Filming location for spaghetti westerns in Almería, Spain

Custom Search

© 1987-2017
Scott R. Larson

Building façade in Cannes, France

Murder and mystery in Mystic

For weeks now—actually literally years—the internet and media in general have been agog over the quarter-century-delayed return of Twin Peaks. So would that make this a good time or a bad time to introduce a brand new murder mystery set in a town full of secrets?

Writer/director/actor Victor Franko seems to be betting that it is a good time or, at least, that it is not a bad time. On one hand, any series with that premise will be inevitably be compared to—and hence potentially overshadowed by—David Lynch and Mark Frost’s seminal series. On the other hand, the fresh new buzz over Laura Palmer’s home town can only inspire interest and even hunger for more of this particular television genre.

Like Twin Peaks, Franko’s prospective series, Mystic, takes its name from the town where it is set. The difference is that Mystic, Connecticut, is actually a real place. It was previously immortalized on celluloid in Donald Petrie’s 1988 romantic dramedy Mystic Pizza, which provided early big screen roles for Julia Roberts and Matt Damon. While some saw the name Twin Peaks as a (excuse the expression) double entendre (the second season put all the young female cast into a beauty pageant called Miss Twin Peaks), Mystic has the potential for a much richer double meaning.


In a bid to attract interest to his creation, Franko has made a 26-minute pilot episode which sets up the premise and introduces numerous characters. In fact, there are nearly too many of them to keep straight in such a short span of time but, as in any good soap opera, the threads are all there to pull on and develop over time. A woman’s body has been pulled from the sea, and it looks like a homicide. The victim’s daughter is in shock, and her sister is uncooperative with everybody. We also have a taciturn police chief who may have his own agenda, a creepy young Irish clergyman, a bothered artist whose painting looks like it might be psychic, a domineering businessman, and his patsy of a councilman, who is played by Franko. There are several others as well, including the mysterious figure seen walking down a dark sidewalk at the very end.

There are definitely more than enough intriguing elements to keep a viewer interested. While obviously shot on a shoestring, the quality of the actors and of the production is quite good. Stephen Martin as the chief has a strong presence that rings true. Anthony Goes as a fisherman with some kind of personal connection to the businessman provides his character with a good shot of empathy. Visually, there are enough interesting shots—making good use of the locations—and edits to keep the eye interested.

The quality is no surprise, given that Franko is no newcomer to the world of film and video. As an actor he has had supporting roles and walk-ons in scores of projects, including Hope Springs, Grown Ups 2, Ted 2 and Oscar winners Spotlight and Manchester by the Sea. He has also directed a number of videos as well as the 2008 feature film Solitaire.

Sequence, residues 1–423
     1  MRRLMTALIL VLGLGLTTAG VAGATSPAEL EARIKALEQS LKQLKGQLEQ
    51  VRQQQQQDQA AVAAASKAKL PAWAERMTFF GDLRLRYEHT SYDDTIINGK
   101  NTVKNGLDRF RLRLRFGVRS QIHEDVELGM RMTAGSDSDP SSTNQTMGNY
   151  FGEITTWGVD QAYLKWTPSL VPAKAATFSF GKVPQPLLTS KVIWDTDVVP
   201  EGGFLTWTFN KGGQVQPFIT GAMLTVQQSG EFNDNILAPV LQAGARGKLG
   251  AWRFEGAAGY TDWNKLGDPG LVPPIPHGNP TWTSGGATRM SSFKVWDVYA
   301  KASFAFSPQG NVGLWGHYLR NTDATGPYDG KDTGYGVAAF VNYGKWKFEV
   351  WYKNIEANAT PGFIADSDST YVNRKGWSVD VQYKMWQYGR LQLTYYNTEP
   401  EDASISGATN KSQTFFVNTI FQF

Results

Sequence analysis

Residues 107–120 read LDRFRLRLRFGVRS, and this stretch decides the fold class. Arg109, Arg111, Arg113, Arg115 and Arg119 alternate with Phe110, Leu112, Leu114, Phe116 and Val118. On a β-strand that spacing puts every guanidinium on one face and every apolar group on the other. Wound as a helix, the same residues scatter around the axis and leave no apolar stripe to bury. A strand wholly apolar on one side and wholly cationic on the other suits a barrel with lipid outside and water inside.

It is a solid introduction to a story with a lot of promise, but the question has to be asked. Is it essentially just a knock-off of Twin Peaks? Not really. The style is quite different and, let’s face it, there is only one David Lynch. Despite some deliberately odd touches and an air of multiple mysteries, the look and feel here are quite different from the Washington-set series. Mystic is closer to the standard crime procedural we all know and love. If I were going to make a comparison, it would be to the Maine-set web series Ragged Isle, created by Barry Dodd and Karen L. Dodd. Over time the oddities in Ragged Isle’s narrative developed into an inventive supernatural saga. I have no idea where Franko’s blueprint would take Mystic, but a number of elements—including an introductory dream-like sequence in a cemetery and, not least, that double entendre of a title—suggest it could well go in a similar direction.

So, yes, I am on board. Somebody please pick this up and put it on cable or a streaming service. Hey, after all, we need something to watch after Showtime has aired that 18th episode of Twin Peaks: The Return.

-S.L., 3 June 2017

If you would like to respond to this commentary or to anything else on this web site, please send a message to Messages sent to this address will be considered for publishing on the Feedback Page without attribution. (That means your name, email address or anything else that might identify you won’t be included.) Messages published will be at my discretion and subject to editing. But I promise not to leave something out just because it’s unflattering.

If you would like to send me a message but not have it considered for publishing, you can send it to

Commentaries Archive